Characters: premaxilla not fused & free to flex dorsoventrally [W+97]; premaxilla lacks posterior process under jugal [W+97]; rostrum above nares is slightly convex [L96]; lacrimal extends over part of premaxilla - cranial junction [W+97]; lacrimal forms weak supraorbital process [W+97]; large supraorbital salt gland bounded medially by sharp ridge [W+97]; several foramina connecting salt gland area & orbit [W+97]; orbit rimmed by 2mm ridge of bone [W+97]; jugal arch straight & slender, linking premaxilla & quadrate [W+97]; jugal overlapped by palatines anteriorly [W+97]; quadrate, orbital process long, terminating above midpoint of basipterygoid process [W+97]; quadrate, orbital process with lateral protuberance at midpoint [W+97]; quadrate, medial & posterior condyle in one articular structure with mandible [W+97]; quadrate, quadratojugal cotyle located on dorsal expansion of mandibular process [W+97]; within tympanic cavity with vertical bar parallel to paroccipital process, linking squamosal with parasphenoid wing [W+97]; occipital fontanelles present in C. gracilis, absent in C. calcitrans [W+97]; palatines laterally convex [W+97]; palatines fused medially, with long anterior process, possibly vomer, bisecting choana [W+97] ; pterygoid, basipterygoid articular processes robust & oval [W+97]; all vertebrae except axis & atlas with two crests, which develop into transverse ridges to #14 [W+97]; 17 cervicals [L96]; transverse ridges converge dorsally (14-16) to form a neural spine [W+97]; vertebrae 17-21 with ventral spines [W+97]; total 23 dorsals plus 2 articulating freely with pelvis [W+97]; 6 pairs of presacral dorsal ribs (18-23), of which 5 19-23) articulate with sternal ribs [W+97]; sternum without medial incisure [L96]; sternum with carina greatly reduced [L96]; furcula U-shaped, without hypocleideum or coracoid facet [L96] [W+97]; furcula with complex pneumatic foramina below acromial facet [L96] [W+97]; scapula with strongly reduced acromion process [W+97]; coracoid without sulcus separating humeral facet and acrocoracoid process [W+97]; coracoid, procoracoid process with large procoracoid foramen not enclosed medially [W+97] [O99]; coracoid, sternal end concave in both dorsal & ventral views [W+97]; coracoid, sternal articulation poorly developed [W+97]; humerus with ridge of humeral head not including external tubercle [W+97]; capital groove short & not undercutting head "much" [W+97]; humerus with external tubercle raised on a platform above the surrounding bone [W+97]; humerus with deltopectoral crest evenly rounded, grading smoothly into shaft & concave [W+97] ; radius shaft triangular in cross section [W+97]; radial shaft somewhat expanded distally [W+97]; carpometacarpus with alular process very small [W+97]; carpometacarpus with extensor process short and not spur-like [W+97]; carpometacarpus with phalangeal facets for major & minor digits extending equally [W+97]; carpometacarpus with long distal metacarpal fusion [W+97] ; major digit with third phalanx present [W+97]; ribs not fused to sacrum [W+97]; ilium perforated by foramina of variable size above antitrochanters [W+97]; ischia with large foramina near base [W+97]; pubes not fused to posterior margin of the ischium [W+97]; pubes, posterior end angled somewhat ventrally & terminating in slightly expanded knobs [W+97]; femur, head angled about 110-120° from shaft [W+97*]; femur with anterior edge of external condyle elevated from shaft [W+97]; "fibular condyle extending farther distally than its point of junction with the external condyle" (beats me!) [W+97]; tibiotarsus with trochleae for digits II & IV extending distally to near equal extent [W+97]; pes phalangeal formula ?3450; ungual II straight, ungual IV curved & ungual III intermediate [W+97].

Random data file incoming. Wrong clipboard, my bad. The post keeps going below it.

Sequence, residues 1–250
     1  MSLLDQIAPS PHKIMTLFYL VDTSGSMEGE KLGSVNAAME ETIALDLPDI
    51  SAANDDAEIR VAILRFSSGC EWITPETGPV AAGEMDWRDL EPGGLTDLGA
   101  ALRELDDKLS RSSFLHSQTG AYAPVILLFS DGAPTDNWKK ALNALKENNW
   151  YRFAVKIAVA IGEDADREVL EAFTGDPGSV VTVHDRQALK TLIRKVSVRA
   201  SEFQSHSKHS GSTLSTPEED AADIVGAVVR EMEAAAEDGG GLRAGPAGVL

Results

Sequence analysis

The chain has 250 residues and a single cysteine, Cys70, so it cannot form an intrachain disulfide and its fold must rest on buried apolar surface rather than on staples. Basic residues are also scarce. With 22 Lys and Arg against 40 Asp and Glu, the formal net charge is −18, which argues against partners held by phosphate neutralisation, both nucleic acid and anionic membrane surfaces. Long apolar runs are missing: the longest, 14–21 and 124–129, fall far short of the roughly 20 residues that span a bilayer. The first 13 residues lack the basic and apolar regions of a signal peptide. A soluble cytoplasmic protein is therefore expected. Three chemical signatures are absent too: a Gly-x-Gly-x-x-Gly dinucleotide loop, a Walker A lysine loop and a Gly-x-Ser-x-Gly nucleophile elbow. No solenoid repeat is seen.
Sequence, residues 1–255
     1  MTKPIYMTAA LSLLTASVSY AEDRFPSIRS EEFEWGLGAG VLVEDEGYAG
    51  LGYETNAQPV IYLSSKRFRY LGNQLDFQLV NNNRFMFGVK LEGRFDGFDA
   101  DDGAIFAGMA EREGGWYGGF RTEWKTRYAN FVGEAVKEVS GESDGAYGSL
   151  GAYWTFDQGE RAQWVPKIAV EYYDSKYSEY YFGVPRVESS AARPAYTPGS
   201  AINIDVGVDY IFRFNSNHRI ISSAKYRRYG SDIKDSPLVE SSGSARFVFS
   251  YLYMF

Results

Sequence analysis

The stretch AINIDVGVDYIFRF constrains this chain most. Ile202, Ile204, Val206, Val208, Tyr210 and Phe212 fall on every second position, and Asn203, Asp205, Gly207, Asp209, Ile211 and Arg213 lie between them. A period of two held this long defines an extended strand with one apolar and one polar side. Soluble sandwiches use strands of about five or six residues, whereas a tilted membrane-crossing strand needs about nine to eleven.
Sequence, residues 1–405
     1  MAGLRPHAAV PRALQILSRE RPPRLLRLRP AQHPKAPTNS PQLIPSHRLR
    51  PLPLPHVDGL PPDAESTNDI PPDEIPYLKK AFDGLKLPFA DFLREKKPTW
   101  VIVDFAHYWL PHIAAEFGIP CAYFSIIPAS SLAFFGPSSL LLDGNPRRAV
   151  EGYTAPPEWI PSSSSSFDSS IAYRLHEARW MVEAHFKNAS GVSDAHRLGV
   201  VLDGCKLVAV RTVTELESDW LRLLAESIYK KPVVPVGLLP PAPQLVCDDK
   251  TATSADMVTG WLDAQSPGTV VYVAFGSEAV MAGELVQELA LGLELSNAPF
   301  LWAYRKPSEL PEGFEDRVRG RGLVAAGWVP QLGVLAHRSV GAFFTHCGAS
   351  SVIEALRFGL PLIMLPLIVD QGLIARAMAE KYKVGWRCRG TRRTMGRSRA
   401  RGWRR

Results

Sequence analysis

Notes:  may have been close to extinction before arrival of humans.  Worthy et al. [W+97] believe that Cnemiornis is a "true" goose, closely related to Cereopsis, the flighted Cape Barren Goose of Australia.  I have labeled the palate with a different interpretation, assigning the median, fused portion to the maxillae. In all probability, particularly given the appearance of the skull in lateral view, Worthy et al. are correct. In either case, the small, median bone is likely the vomer, as [W+97] state.  "concave anconally" [W+97]. Can this be correct? Concave ventrally, in any case.  From the figure, this is true of the right limb, but perhaps not the left. [W+97] also note a "prominent tuberosity at the anterior end of metacarpal III." Anterior end?  the notation [W+97*] indicates anatid synapomorphies found by Livezey, as discussed by Worthy et al. The latter authors generally disagree.
Links: Worthy--Late-Glacial avifaunas of Te Aute, Wheturau; WorthySwabey Avifaunal .P65; Systematic Biology 45(4) Abstracts.
References: Livezey (1996) [L96]; Olson (1999) [O99]; Worthy et al. (1997) [W+97]. ATW030320.